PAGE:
Applied strategies of neuroplasticity

Brian P. Johnson, Leonardo G. Cohen

Research output: Chapter in Book/Report/Conference proceedingChapterpeer-review

Abstract

Various levels of somatotopic organization are present throughout the human nervous system. However, this organization can change when needed based on environmental demands, a phenomenon known as neuroplasticity. Neuroplasticity can occur when learning a new motor skill, adjusting to life after blindness, or following a stroke. Following an injury, these neuroplastic changes can be adaptive or maladaptive, and often occur regardless of whether rehabilitation occurs or not. But not all movements produce neuroplasticity, nor do all rehabilitation interventions. Here, we focus on research regarding how to maximize adaptive neuroplasticity while also minimizing maladaptive plasticity, known as applied neuroplasticity. Emphasis is placed on research exploring how best to apply neuroplastic principles to training environments and rehabilitation protocols. By studying and applying these principles in research and clinical practice, it is hoped that learning of skills and regaining of function and independence can be optimized.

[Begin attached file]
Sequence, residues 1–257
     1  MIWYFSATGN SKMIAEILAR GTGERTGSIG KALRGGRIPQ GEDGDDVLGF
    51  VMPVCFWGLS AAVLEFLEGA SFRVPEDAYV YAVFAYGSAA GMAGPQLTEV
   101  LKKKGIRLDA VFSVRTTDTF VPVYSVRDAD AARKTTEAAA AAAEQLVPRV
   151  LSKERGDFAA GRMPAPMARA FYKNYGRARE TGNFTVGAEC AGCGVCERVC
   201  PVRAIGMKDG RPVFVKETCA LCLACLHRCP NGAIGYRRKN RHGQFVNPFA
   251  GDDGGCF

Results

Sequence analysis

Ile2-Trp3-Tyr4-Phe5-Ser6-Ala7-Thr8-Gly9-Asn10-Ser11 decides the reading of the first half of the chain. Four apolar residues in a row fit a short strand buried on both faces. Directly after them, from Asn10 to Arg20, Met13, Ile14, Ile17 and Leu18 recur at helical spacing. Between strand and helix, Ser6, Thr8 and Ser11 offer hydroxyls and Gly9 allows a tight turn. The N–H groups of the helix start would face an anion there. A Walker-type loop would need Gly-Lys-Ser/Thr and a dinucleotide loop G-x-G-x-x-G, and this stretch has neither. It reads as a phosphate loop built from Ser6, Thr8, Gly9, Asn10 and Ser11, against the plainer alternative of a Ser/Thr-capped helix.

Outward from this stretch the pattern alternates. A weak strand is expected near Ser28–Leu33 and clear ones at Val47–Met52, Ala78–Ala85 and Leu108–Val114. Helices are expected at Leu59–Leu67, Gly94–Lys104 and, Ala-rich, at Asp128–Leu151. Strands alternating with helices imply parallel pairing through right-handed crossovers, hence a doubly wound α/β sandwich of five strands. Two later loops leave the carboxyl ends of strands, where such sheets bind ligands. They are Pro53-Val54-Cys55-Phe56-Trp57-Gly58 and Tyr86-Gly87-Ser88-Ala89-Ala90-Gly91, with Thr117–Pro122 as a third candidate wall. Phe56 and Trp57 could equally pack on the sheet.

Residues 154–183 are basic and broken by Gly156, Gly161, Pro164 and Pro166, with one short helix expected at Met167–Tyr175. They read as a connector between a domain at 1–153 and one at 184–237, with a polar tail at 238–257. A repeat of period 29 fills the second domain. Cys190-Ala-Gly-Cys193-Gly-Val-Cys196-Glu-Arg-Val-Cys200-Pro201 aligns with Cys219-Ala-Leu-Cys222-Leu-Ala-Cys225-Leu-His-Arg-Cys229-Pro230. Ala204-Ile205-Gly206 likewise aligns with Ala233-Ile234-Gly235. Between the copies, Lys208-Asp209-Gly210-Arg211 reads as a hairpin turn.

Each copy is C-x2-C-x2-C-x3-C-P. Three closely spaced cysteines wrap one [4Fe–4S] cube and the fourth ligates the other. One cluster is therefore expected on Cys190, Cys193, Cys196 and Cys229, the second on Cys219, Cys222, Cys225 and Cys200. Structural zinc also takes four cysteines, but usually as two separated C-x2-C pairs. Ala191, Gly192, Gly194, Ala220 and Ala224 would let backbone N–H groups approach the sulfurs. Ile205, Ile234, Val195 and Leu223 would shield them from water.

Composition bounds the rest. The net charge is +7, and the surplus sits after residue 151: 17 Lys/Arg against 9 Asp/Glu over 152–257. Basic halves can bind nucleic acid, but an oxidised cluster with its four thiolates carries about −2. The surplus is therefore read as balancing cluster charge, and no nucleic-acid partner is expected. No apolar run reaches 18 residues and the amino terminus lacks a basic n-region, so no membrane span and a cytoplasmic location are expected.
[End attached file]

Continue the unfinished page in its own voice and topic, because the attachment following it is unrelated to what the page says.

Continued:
Original languageEnglish
Title of host publicationHandbook of Clinical Neurology
PublisherElsevier B.V.
Pages599-609
Number of pages11
DOIs
StatePublished - Jan 2023

Publication series

NameHandbook of Clinical Neurology
Volume196
ISSN (Print)0072-9752
ISSN (Electronic)2212-4152

Keywords

  • Brain injury
  • Motor learning
  • Neuroplasticity
  • Neurorehabilitation
  • Occupational therapy
  • Physical therapy
  • Stroke
  • Transcranial magnetic stimulation

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